• In the past I would seek the support of my divine helper.” – For once, Peter, pay CLOSE attention to the man behind the curtain, when the Wizard of Oz tells each of his supplicants that they had what they needed within themselves all along.

        Liked by 1 person

      • Peter, you may have turned to something outside of yourself (the “divine helper”) in moments of stress and pressure, but can you honestly say that doing so made everything work out? Or did it just give you a momentary sense of relief and/or peace?

        Arch is right … If it’s to be, it’s up to me. You need to begin believing in yourself because there is NOTHING “out there” that’s going to make your life any easier/different. The only thing that’s going to get you through the tough times is YOU.

        It’s not going to happen overnight, but the more you trust in your own sense of worth and strength, you’ll begin to see how powerful you really are.

        Liked by 1 person

        • Nan, I tend to be a worrier by nature. So most issues work out better than the scenarios I develop in my head. Thus the physiological comfort tided me over in the interim.

          Part of the problem is that I have pulled out of all my church activities but have not yet been able to really talk with the people about why. They thought I just needed a bit of a break. So I have become quite socially isolated as a result, that does not help.


        • Peter, I honestly sympathize with you. No one would want to find themselves in the situation you currently find yourself in.
          You seem quite level headed and so I am confident you will navigate through it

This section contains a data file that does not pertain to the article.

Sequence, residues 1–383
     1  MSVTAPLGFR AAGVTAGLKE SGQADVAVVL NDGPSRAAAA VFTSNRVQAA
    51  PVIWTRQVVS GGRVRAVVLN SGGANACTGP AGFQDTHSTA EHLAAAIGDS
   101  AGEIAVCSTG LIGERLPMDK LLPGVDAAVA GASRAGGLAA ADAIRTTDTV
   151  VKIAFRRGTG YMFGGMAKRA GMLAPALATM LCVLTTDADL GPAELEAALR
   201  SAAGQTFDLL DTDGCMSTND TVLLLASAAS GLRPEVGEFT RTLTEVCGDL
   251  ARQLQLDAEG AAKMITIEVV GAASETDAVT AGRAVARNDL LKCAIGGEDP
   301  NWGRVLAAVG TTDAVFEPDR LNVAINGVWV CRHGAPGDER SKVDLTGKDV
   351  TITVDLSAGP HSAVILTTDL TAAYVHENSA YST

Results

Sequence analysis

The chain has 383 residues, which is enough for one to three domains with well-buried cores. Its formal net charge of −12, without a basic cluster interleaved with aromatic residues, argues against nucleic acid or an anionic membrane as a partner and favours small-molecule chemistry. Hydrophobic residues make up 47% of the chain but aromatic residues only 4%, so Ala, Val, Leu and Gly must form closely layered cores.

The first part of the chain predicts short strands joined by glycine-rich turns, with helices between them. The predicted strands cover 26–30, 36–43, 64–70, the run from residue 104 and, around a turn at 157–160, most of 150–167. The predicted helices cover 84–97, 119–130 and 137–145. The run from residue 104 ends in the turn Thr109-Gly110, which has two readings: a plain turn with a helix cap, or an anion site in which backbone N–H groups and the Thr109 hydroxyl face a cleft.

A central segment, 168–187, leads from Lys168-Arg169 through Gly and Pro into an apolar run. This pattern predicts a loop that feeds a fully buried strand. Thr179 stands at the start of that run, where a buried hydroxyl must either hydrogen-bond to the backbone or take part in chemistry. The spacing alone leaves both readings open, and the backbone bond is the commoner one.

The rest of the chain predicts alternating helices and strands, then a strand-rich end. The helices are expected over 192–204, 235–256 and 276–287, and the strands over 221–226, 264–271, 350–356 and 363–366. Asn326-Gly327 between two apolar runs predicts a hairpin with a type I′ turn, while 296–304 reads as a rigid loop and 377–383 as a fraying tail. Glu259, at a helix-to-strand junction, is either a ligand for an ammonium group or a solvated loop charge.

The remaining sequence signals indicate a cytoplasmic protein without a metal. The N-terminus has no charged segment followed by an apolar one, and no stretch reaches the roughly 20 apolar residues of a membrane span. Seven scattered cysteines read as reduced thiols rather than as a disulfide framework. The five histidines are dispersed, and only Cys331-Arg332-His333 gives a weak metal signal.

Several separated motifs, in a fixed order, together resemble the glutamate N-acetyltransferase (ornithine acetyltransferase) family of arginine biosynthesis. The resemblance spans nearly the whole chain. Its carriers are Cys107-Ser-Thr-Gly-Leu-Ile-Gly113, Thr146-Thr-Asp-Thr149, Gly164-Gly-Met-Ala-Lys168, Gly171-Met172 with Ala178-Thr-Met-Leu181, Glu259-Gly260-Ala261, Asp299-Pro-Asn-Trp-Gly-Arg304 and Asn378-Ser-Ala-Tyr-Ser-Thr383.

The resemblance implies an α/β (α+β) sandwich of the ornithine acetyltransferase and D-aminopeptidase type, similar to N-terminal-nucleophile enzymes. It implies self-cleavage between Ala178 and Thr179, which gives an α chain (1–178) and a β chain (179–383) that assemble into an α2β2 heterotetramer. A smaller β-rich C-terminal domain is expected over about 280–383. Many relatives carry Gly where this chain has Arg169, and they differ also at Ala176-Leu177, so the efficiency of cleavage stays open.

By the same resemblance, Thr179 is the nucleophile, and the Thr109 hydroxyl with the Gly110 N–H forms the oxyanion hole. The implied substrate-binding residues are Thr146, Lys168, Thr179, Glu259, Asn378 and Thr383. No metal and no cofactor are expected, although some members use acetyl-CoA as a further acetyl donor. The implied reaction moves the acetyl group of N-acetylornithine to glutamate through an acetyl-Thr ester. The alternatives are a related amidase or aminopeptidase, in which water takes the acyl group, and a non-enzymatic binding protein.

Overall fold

• “Without that psychological help line I have found that I have been tending to a somewhat somber view of life and the future. Perhaps it will pass. But at present I miss, almost mourn, the loss of that psychological comfort factor.”

        I think many of us go through that phase, I certainly did for several years. I still like the idea of the comfort blanket and for all I can’t stand religion now, I would never want to deny someone access to it at a difficult time in their life. Anyway, no ‘perhaps it will pass’ – of course it will pass.


        • Part of the reason I have been reluctant to tell people I formerly ministered to about my loss of faith is the possible damage it will do to their own faith. I mainly ministered to the older folks in the Church and local nursing homes. Given many have not many years left I don’t see a lot of benefit in telling them their faith is misguided. Rather in some cases it would be quite cruel.

          Liked by 1 person

  2. “Rather than find comfort in, say, alcoholism or drugs, he chose to find strength and comfort from God.” There’s a difference? I don’t see it. Perhaps, too, if there was power in faith and a big ole invisible guy in the sky, the accident wouldn’t have happened, and/or the guy’s bride would still be alive? Oh, wait. I forgot. The invisible all loving guy in the sky causes us horrid pain and suffering to make us better people. It’s out of love he killed this man’s wife. I always forget that part. My bad.

    Liked by 1 person

  3. I’ll just say good luck to him if he’s using God as a support. If he is indeed serious about it, he’ll eventually reach a point where he ask God – “Why only me? Why didn’t you save my fiancee as well?”.

    Then he’ll get depressed all over again. Perhaps he may end up like Job, or perhaps not.

    Liked by 1 person

  4. I don’t know how many people would knowing their neighbour would have stopped something bad from happening to them and didn’t would still love said neighbour. This is why I can’t wrap myself around why people still believe god is all great and loving when such things happen to them

    Liked by 1 person

  5. “You find this curious fact, that the more intense has been the religion of any period and the more profound has been the dogmatic belief, the greater has been the cruelty and the worse has been the state of affairs.”
    ~~ Bertrand Russell ~~

    — from a fascinating essay by Bertrand Russell, at Why I Am Not a Christian.

    Liked by 1 person

    • Unfortunately it is all too true. Religion tends only to be tolerant when it is weak. That is why Islam in the west is ‘tolerant’, but where it has power it is intolerant.

      Liked by 1 person